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Thursday, October 29, 2015

Garden Totals 2015

After the past few cold blustery days, and a few overnight freezes, I think it's safe to say growing season is officially over here in northern Iowa.  I wrote down the last few jalapenos and peppers that we harvested last week (including several jalapenos from a plant that grew in our compost pile), and entered the totals in my spreadsheet.

Here's how we did:

Total produce: 99.65 pounds. For the sake of easy reading, I'm going to round the decimal points.  But the specific total was just shy of 100.  If only we had one more tomato...

  • Broccoli: 2 lbs.
  • Butternut squash: 20 lbs.
  • Garlic: under 1 lb. (really I think we only got one bulb - the rest never took off)
  • Green beans: 14 lbs.
  • Green peppers: 5 lbs.
  • Jalapenos: 4 lbs.
  • Onions: 3 lbs.
  • Peas: just under 1 lb., although with the amount Jonah ate while picking them, probably over 1 lb.
  • Potatoes: 3 lbs.
  • Radishes: 3 lbs.
  • Raspberries: 1/2 lb.
  • Red pepper: under 1 lb. (only one pepper turned to red - the rest we harvested green)
  • Strawberries: under 1 lb.
  • Tomatoes: 37 lbs.
  • Watermelon: 5 1/2 lbs.

The total does not include:

  • 2 pumpkins, because we didn't eat them. We just set them on the front porch for decoration.
  • Any of the apples from our tree, because I didn't feel like weighing the basket full all at once.
Overall, it was a pretty good haul for the minimal work and money we put into it.  We probably spent around $50 on seeds, starter plants, tools, and buckets.  I should have kept the receipts so I could tell for sure, but I didn't.
Most of the food we ate right away, although we still have some green beans and tomatoes in the freezer.  I was going to attempt canning, but I didn't have the right tools at the right time, so I just chose to freeze things instead.  There's always next year.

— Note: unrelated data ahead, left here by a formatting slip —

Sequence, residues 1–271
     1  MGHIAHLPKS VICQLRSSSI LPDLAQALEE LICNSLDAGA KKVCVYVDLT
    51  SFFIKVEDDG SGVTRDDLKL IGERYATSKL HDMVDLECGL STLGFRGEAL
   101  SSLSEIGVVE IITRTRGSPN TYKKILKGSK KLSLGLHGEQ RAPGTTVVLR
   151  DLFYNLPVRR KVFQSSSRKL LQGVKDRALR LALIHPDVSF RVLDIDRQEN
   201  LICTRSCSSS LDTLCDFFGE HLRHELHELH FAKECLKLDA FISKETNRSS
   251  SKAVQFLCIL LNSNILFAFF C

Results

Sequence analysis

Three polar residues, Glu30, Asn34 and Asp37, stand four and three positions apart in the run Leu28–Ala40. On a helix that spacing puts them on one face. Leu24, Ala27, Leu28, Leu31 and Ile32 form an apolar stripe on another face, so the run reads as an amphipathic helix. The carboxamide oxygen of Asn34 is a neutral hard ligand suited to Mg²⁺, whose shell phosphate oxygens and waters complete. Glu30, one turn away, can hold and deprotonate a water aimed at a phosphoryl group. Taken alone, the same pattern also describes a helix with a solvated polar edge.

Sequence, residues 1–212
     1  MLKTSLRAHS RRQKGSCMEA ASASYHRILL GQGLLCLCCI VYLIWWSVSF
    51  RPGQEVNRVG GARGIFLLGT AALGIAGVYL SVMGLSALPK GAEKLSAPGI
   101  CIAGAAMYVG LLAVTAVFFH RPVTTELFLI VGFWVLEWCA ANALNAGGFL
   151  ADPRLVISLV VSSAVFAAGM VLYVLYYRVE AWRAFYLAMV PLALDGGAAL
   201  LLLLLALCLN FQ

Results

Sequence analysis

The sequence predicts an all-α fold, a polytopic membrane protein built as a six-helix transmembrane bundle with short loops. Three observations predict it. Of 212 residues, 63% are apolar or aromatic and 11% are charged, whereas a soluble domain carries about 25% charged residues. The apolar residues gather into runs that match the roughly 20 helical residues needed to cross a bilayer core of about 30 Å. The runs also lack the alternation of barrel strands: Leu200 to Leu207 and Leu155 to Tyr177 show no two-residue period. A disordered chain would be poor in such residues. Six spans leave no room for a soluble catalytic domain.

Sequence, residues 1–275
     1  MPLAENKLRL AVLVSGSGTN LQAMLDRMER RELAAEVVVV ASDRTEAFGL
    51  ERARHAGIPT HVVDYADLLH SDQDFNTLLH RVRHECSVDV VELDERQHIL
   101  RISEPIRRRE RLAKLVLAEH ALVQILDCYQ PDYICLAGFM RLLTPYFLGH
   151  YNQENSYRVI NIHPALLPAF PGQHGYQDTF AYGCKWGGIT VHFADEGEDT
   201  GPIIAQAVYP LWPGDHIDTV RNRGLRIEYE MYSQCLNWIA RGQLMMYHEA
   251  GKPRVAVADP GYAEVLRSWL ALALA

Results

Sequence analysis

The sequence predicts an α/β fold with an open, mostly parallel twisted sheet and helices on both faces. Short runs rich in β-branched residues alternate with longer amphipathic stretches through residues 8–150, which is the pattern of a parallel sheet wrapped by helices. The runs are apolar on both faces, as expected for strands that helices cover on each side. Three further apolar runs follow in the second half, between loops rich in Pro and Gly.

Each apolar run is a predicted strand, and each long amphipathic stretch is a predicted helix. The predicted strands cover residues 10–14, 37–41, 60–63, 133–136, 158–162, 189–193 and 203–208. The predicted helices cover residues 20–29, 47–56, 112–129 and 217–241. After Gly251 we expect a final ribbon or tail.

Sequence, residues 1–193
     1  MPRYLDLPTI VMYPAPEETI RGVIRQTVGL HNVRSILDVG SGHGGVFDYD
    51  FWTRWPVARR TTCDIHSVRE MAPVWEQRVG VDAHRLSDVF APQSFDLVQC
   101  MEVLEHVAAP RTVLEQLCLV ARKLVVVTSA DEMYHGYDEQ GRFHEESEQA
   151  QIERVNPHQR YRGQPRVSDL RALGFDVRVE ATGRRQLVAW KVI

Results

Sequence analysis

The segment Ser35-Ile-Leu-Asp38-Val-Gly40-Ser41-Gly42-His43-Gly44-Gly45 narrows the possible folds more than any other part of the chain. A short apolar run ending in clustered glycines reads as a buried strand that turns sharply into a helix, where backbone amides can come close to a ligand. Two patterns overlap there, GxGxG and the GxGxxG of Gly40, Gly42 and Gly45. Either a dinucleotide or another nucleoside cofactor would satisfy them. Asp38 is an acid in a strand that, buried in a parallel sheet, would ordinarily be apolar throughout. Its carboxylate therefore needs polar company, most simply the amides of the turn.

We went into this year pretty much knowing nothing, and eager to try a lot of different things.  We learned quite a bit.

We need to weed.  Our pepper plants and strawberries got pretty choked out by the weeds.  They would have done a lot better if we had kept up on things.  We kept putting it off because we were busy, and then it became too big of a task to catch up on, so half of the garden just kind of became a weed patch.

Squash and pumpkins will take over if you let them.  This was pretty good for our squash harvest.  Jesse pulled the pumpkin plant out a couple months ago because it was getting mildew, which we read could spread to the squash and tomatoes, so we elected to save those instead.  Smart move, since those were our biggest producers.

Starting from seeds inside is a lot of work.  It's a lot easier to buy starter plants, or wait a bit longer to just plant seeds outside, depending on the plants.  Most of our plants that survived were from the starter plants, not the seeds.  

That's the story of our garden this year.  We still have to get it ready for winter.  Jesse wants to mow down the remaining weeds and cover the garden so that they'll all die before next year, and we have a pretty thriving compost pile to spread on there in the spring.  Any other tips for our first winter?


  1. We take out all of our plants and till the garden. I think Nate adds grass from mowing in there too. You could always till in some of your compost. We've left our spinach because it comes back, and he left the broccoli in this year too, but everything else is gone. In spring I know he tills again before we plant.

    1. This year our church president tilled it up, and I assume he'll come back next year if we want him to. Does it help to till it up in the fall too?

    2. I can ask Nate. I think so. Or he just likes using his tiller. :)

    3. Yes, he said tilling in fall is a good idea.